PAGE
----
BY JAZMIN VIAYRA
Fairy tales take us to far away magical lands and introduce us to magical creatures. If you’re like me, you grew up with, or at least heard of classic fairy tales such as “Cinderella” and “Snow White.” These classic tales have been around for centuries and continue to be remade. I have always wondered why these tales continue to be so loved by so many, including myself.
Continue reading The “Magic” of Fairy Tales
by Adam Timms
Several weeks ago, former president Barack Obama released his summer reading list. This collection of books was shared by us folks at New Forum several times and I was struck by its thematic diversity: speculative fiction, autobiographies, social commentaries, and short stories. One title struck me and stuck in my mind, “Men Without Women”. So I bought it, and I read it, and it made me feel silly.
Continue reading Creating an Absence: Haruki Murakami’s Men Without Women
BY MISHA PONNURAJU · It is weird being a poet as the world seems to be on the brink of apocalypse. The time to reverse climate change is dwindling, the United States is continuing its tradition of human rights violations, and it’s likely that there will be another recession soon. When all of this is happening, I always wonder, “Why poetry?” What does it offer to the poet, to its readers?
Poetry can make everyday objects from ordinary life sacred, and I believe there is hope in everyday life. None of these poems may solve the world’s problems, but it teaches that there is beauty that can put the mind at ease, and enough of the world that is worth saving. It is essential to take the steps we can protect our Earth from heat and hatred, but it is equally necessary to protect our hearts from getting cold. These poems bring warmth. To begin New Forum’s summer blog, I thought I’d share some poems that fosters light in an ever-darkening world.
Continue reading The World is Ending but Here Are Ten Poems that Give Me Peace
BY MISHA PONNURAJU · Summer brings the promise of empty schedules and open books — many open books, hopefully. East of Eden has accompanied me on my quieter days, and my summer is more thankful for the still moments I can retreat into the narratives of the Trask and Hamilton families. East of Eden delicately and painstakingly renders several generations of two families who thrive and suffer on the soil of central California. This is an American story; American in the sense that this is an ‘American narrative’ which can typically exclude me and my family’s history.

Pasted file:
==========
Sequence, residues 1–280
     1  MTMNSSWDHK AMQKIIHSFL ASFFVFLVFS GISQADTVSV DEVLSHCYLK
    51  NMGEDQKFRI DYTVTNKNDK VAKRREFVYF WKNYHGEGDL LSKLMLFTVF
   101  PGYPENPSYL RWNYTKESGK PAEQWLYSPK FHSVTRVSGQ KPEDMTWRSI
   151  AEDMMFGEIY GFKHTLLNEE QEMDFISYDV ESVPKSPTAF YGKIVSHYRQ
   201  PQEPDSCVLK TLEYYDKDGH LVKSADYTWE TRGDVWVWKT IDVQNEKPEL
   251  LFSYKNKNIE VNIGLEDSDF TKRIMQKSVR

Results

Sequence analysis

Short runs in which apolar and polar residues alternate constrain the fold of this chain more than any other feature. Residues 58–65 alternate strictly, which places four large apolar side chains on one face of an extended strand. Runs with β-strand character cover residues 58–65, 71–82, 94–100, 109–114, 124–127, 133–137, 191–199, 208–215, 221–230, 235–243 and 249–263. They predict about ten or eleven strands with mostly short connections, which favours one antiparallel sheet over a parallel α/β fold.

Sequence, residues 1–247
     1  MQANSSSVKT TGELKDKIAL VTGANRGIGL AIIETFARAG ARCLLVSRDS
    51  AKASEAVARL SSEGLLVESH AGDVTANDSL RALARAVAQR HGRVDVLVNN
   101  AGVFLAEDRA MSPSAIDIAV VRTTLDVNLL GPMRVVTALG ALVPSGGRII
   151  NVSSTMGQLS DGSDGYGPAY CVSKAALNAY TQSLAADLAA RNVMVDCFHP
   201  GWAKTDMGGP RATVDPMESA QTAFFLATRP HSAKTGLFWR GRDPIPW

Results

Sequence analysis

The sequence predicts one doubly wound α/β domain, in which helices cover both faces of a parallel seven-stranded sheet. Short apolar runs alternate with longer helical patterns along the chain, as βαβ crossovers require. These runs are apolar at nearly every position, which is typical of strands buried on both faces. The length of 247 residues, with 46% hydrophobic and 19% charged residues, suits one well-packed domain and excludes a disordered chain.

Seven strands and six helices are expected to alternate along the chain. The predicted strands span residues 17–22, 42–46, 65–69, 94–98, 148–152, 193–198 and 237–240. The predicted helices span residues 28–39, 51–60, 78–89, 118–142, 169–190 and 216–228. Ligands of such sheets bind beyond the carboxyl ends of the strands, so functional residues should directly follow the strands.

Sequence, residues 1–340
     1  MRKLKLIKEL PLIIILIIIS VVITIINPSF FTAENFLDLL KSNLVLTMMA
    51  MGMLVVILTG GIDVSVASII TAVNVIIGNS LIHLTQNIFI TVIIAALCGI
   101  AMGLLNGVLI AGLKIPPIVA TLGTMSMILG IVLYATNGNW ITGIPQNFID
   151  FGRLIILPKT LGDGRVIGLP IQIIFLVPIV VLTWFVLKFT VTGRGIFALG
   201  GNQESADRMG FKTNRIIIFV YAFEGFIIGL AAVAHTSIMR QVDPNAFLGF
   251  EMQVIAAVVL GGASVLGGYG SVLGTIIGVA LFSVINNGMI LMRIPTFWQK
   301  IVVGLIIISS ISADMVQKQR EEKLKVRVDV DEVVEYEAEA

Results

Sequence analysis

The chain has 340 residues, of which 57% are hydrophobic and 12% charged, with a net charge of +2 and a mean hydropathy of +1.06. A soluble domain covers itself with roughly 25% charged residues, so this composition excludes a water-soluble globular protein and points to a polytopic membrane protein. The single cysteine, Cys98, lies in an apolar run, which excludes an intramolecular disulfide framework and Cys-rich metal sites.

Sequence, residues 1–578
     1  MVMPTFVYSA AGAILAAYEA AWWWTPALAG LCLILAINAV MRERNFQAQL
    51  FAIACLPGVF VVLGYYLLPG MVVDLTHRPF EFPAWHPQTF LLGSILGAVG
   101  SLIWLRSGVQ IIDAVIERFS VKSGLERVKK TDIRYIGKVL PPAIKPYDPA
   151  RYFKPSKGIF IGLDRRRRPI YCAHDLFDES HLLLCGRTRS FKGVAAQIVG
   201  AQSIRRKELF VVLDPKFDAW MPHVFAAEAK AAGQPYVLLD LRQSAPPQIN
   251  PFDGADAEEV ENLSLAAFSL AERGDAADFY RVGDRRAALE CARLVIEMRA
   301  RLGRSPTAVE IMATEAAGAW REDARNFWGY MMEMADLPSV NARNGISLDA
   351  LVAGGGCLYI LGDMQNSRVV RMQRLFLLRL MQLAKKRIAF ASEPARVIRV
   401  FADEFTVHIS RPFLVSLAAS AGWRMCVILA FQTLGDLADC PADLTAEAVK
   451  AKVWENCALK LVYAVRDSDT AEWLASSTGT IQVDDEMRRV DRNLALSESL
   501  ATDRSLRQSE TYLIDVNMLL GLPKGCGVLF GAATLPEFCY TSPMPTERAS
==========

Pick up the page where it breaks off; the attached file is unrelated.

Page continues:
I’ve accepted this exclusion. In order to love literature and my literary education, I have to accept this. It also helps that East of Eden has beautiful storytelling characterization. However, I cannot personally relate to the migration of European families who settle down onto rich farmland. As an Asian American, I don’t expect the great American novelists to tell stories that my family may recognize in ourselves.
So you can imagine the surprise I felt when I encountered, Lee — a character who’s deep introspection has given me joy beyond expression.
Continue reading East of Eden, North of Irvine: The Joy of Representation
BY YANIT MEHTA · Comedians at the very core of their craft are writers. Every comedian creates his/her own fiction (sometimes non-fiction) and delivers it to an audience. Just like any other writer the intent is to elicit a certain response in the audiences. Whether it’s laughs, gasps, dismay or disgust, a comedian must always write his/her way into generating an emotional response in his/her audiences. The one major difference between an average fiction reading and an average stand-up act is that if a comedian leaves with the audience silent for the entirety of his/her act he/she probably failed, or in industry jargon: bombed. Comedians not only, forge detailed narratives but also implement their own elevated fictitious personas to present these jokes after hours of introspection, and deliver them in a meticulously constructed set.
Continue reading The Craft of Stand-Up Comedy